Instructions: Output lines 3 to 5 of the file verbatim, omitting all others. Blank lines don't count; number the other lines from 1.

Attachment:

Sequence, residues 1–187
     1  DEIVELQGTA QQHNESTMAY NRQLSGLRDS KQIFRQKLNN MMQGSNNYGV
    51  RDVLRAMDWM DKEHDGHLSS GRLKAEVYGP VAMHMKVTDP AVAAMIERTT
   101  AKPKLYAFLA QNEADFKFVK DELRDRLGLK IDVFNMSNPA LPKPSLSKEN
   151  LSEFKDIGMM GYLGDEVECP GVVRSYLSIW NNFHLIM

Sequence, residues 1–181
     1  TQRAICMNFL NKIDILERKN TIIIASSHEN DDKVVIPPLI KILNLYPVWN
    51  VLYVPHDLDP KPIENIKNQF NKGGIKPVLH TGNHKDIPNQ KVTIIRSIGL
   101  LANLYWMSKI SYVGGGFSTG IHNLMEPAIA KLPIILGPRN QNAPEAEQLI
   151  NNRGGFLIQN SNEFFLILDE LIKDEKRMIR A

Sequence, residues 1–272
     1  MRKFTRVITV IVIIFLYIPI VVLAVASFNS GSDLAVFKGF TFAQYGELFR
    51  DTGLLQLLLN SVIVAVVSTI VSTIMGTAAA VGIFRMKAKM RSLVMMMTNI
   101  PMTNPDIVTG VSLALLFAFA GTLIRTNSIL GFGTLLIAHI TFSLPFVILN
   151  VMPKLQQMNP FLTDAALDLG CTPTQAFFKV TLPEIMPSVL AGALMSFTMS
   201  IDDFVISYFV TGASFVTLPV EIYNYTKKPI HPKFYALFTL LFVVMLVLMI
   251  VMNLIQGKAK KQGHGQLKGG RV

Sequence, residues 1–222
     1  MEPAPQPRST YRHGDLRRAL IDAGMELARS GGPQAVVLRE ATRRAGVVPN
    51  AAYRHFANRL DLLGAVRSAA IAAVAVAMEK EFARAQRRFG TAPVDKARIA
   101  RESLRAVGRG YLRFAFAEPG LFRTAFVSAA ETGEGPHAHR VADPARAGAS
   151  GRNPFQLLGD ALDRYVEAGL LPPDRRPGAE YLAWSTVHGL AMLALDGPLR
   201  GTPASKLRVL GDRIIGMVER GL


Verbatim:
    51  RDVLRAMDWM DKEHDGHLSS GRLKAEVYGP VAMHMKVTDP AVAAMIERTT
   101  AKPKLYAFLA QNEADFKFVK DELRDRLGLK IDVFNMSNPA LPKPSLSKEN
   151  LSEFKDIGMM GYLGDEVECP GVVRSYLSIW NNFHLIM